In 2012 the reconstruction started. First the 222 metre long car tunnel, 6 metres below street level, was built west of the station building. Since this was at a new location traffic could continue to use the old route. That new tunnel was opened in 2013 and then the old level crossing was closed. A temporary level crossing east of the original one was built to be used for walking and cycling during the construction of the new underpass. The raw-built for this underpass was constructed next to the railway and shoved in place in one weekend in June 2014. The trains were only out of service for 100 hours. In June 2015, the new 210 metre long underpass, which is 3.5 metres below street level at its deepest point, could be opened and the entire three year project was finished. The builder mentions that this project had a budget of 13.3 million euros.

The north side of the underpass. In the distance you can see cars on the road between the trees. That is where car drivers get back to the original route.
A commemorative plaque states the date of the opening, 30 May 2015, and the words “Safely Connected” over some lines about how the town is no longer divided by the railway with its dangerous level crossing.

Even for this clever space saving two-tunnel solution several buildings did have to be demolished. A row of buildings south of the railway was not considered valuable and these buildings made way for the south tunnel entrance. North of the track was the original station master’s house. This building from 1900 was a landmark for Bilthoven and residents joined forces to save the monumental building.  It could not be saved at this location, but the national railway museum in nearby Utrecht showed an interest. The most characteristic elements of the house, such as the wooden porch and the roof tiles were carefully preserved in the demolition and they were reused in the reconstruction in the Utrecht museum. Painted in the original colours you can now rent the former station master’s house as a meeting location.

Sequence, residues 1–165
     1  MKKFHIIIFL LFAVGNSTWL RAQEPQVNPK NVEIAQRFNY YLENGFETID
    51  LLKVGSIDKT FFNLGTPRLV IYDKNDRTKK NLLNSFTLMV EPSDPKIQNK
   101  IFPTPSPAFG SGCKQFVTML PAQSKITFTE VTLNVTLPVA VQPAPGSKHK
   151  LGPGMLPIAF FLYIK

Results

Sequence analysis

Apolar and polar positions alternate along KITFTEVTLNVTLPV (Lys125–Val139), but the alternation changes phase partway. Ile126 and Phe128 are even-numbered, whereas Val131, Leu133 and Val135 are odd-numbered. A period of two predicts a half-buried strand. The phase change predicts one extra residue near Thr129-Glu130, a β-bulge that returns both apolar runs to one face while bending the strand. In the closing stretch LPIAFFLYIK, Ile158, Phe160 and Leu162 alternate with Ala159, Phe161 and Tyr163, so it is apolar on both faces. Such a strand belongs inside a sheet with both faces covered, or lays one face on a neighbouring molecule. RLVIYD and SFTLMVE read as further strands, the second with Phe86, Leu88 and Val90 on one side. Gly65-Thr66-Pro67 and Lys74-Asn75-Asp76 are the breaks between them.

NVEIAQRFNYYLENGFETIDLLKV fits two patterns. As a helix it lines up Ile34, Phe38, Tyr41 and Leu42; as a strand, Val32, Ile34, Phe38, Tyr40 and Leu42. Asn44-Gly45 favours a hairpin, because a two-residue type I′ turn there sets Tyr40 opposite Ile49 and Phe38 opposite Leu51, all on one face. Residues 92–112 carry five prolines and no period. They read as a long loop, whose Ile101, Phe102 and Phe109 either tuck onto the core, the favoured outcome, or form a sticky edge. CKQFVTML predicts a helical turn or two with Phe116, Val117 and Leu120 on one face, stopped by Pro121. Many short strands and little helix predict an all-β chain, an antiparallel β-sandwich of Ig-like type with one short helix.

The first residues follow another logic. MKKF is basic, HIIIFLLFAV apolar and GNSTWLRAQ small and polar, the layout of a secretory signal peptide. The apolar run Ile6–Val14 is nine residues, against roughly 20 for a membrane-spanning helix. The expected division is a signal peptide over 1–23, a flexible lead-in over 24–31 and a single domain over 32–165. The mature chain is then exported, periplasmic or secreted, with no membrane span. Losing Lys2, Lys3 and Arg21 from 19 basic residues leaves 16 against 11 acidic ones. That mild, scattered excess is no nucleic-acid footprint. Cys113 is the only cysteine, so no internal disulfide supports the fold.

The Station Master’s House next to Bilthoven station before 2012. The building was a landmark for the town and its station. That is why some residents couldn’t bear the idea that this house would simply be destroyed.
Thanks to the efforts of Bilthoven residents the house was saved and rebuilt with the original defining elements. This picture shows the festive opening of the Station Master’s House in the Utrecht Railway Museum in 2015.

The new underpass is beautifully landscaped with a lot of green, which had turned into beautiful golden tones when I filmed for this post in Autumn 2019. The underpass is completely integrated in the updated station. It gives access to the platforms and also to an unmanned but guarded bicycle parking facility. At the south-side of the station, next to the new car parking area, there are extra two-tier racks to park more bicycles. Thanks to the new car parking space here, for rail travellers and for people who want to shop in the town centre, a square in that town centre could lose the parking and that whole area has now become car low. This station reconstruction drew some international attention.